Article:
A treating physician testifying as a lay witness may testify about the cause of an injury if knowledge of causation was necessary for the physician to treat the patient or make decisions about treatment. Wilson v. Taser Int'l, 303 Fed.Appx. 708, 712-13 (11th Cir. 2008); Carideo v. Whet Travel, Inc., No. 16-23658-CIV, 2018 WL 1367444, *12-13 (S.D. Fla. Mar. 16, 2018); Jones, 2013 WL 8695361, *5. If, at the summary-judgment stage, it is unknown whether the plaintiff has treating physician lay witnesses to provide causation testimony, summary judgment should be denied. Jones, 2013 WL 8695361, *6. The exact boundaries of the treating physician's testimony are then addressed at trial with specific objections to specific testimony. Id.

         Here, even if Plaintiff has no witness to testify as an expert, Defendant has not shown that none of Plaintiff's treating physician lay witnesses needed to know the cause of the accident to treat Plaintiff or to make decisions about his treatment. Therefore, Defendant has not shown that Plaintiff has no admissible medical testimony to establish medical causation. Plaintiff's ability to establish medical causation remains a genuine issue for trial and, thus, Defendant's motion for summary judgment is denied. The scope of the testimony of Plaintiff's treating physician lay witnesses will be addressed at trial.[1]

         Finally, the Court notes that Plaintiff's counsel has an obligation to the Court not to pursue this case to trial if counsel knows or should know that Plaintiff will be unable to prove his claims. See Murray v. Playmaker Servs., LLC, 548 F.Supp.2d 1378, 1383 (S.D. Fla. 2008) (explaining that, “[a]s an officer of the court, every attorney ha[s] a duty to be candid and loyal and an attorney's duty to zealously prosecute a case for his client cannot outweigh his or her obligation to the court” and concluding that counsel should have advised her client to dismiss a lawsuit where counsel should have known after discovery that no claim existed); see also Fed. R. Civ. P. 11(b) (requiring the representations that an attorney or party makes to a court in writing to be warranted by the facts or law). Should it become clear at trial that Plaintiff has no admissible evidence by which to prove medical causation and that a grant of a motion for judgment as a matter of law under Fed.R.Civ.P. 50 is a certainty, the Court will entertain any appropriate post-trial motion for sanctions or an award of fees.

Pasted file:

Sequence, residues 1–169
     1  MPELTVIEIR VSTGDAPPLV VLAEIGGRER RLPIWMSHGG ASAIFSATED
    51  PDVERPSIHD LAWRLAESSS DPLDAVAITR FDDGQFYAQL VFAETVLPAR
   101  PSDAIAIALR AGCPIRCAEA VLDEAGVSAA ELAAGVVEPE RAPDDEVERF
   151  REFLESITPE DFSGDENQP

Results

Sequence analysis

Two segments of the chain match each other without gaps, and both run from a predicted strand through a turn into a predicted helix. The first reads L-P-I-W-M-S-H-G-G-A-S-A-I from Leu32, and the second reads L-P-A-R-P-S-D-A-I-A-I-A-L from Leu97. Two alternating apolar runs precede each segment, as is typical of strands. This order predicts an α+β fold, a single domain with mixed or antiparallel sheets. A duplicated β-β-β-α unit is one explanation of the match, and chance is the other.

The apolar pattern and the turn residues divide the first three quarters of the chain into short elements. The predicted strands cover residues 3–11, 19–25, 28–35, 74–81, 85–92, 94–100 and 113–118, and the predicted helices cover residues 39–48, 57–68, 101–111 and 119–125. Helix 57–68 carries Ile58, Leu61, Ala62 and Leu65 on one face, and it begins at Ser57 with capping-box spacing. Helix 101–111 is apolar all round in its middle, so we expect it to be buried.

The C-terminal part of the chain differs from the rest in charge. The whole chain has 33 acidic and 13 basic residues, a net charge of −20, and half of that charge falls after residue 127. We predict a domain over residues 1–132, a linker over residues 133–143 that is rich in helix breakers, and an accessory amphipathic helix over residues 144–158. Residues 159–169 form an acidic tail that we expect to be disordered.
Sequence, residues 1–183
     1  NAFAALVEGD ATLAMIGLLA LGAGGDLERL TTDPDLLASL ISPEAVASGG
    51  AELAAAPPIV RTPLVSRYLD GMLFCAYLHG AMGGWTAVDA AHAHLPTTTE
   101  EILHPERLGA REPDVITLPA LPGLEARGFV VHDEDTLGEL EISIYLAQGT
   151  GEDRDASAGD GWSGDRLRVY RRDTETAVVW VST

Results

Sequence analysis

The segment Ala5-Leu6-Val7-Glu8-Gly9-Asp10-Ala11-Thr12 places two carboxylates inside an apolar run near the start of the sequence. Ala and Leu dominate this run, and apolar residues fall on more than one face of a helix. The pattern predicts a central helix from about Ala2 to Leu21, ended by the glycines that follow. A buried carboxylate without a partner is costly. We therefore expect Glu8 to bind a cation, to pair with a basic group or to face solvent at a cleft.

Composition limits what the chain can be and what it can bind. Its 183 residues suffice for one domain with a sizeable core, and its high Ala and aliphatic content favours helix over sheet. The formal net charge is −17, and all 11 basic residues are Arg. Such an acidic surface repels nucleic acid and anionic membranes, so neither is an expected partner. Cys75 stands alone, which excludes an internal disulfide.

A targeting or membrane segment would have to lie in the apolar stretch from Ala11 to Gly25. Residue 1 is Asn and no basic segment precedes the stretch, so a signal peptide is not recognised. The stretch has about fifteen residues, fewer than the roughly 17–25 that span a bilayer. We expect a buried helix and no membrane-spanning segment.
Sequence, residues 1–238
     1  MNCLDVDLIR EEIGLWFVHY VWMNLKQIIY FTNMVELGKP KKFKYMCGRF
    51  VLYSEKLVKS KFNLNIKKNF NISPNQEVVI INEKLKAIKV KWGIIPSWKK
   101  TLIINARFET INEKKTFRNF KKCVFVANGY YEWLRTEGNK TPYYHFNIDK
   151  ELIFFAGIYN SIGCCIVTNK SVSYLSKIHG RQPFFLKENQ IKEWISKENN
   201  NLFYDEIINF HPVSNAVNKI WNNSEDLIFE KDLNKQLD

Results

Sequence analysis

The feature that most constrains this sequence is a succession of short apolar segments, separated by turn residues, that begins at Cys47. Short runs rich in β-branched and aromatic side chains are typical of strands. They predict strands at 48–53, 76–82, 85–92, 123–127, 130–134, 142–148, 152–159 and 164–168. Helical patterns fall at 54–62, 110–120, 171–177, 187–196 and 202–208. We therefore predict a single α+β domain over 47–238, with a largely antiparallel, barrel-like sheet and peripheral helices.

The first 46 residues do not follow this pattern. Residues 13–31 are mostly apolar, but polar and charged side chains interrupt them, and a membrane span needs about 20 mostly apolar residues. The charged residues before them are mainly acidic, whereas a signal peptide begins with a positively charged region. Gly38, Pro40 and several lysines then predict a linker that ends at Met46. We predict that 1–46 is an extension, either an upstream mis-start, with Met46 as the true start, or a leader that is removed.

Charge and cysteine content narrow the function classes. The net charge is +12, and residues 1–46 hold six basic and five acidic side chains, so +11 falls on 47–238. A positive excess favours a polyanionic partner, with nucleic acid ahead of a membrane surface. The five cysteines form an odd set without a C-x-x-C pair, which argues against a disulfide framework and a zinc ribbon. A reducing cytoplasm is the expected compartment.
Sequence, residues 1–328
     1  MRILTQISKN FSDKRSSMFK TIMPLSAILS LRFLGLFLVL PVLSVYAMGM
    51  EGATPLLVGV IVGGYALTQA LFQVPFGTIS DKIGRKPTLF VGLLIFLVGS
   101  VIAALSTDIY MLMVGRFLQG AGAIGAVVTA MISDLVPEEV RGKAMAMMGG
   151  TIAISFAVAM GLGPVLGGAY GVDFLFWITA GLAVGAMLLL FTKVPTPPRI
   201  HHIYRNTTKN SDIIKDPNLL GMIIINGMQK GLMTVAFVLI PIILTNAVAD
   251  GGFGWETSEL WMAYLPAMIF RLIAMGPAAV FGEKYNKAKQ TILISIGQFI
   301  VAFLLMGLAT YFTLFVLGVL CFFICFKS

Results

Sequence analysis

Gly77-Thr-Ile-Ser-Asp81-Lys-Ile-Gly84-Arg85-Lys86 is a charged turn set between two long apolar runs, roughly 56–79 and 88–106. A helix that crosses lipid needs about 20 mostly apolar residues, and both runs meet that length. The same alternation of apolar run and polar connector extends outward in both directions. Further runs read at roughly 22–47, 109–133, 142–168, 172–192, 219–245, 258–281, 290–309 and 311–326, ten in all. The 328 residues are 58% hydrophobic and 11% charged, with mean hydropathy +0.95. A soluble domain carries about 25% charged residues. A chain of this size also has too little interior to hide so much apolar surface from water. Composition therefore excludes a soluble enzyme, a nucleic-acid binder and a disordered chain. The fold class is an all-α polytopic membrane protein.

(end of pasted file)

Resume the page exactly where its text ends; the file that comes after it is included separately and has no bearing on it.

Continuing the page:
Based on the foregoing, it is ORDERED AND ADJUDGED that Defendant's Motion for Summary Judgment [DE 52] is DENIED.

         DONE and ORDERED.

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Notes:

[1] While the parties' briefing does not make the precise nature of Plaintiff's injuries clear, the Court's understanding from a review of the record is that Plaintiff is claiming neck and back injuries and not a type of injury that is readily observable such as a broken leg. To the extent that the Court is mistaken and Plaintiff did sustain a readily observable injury, his ...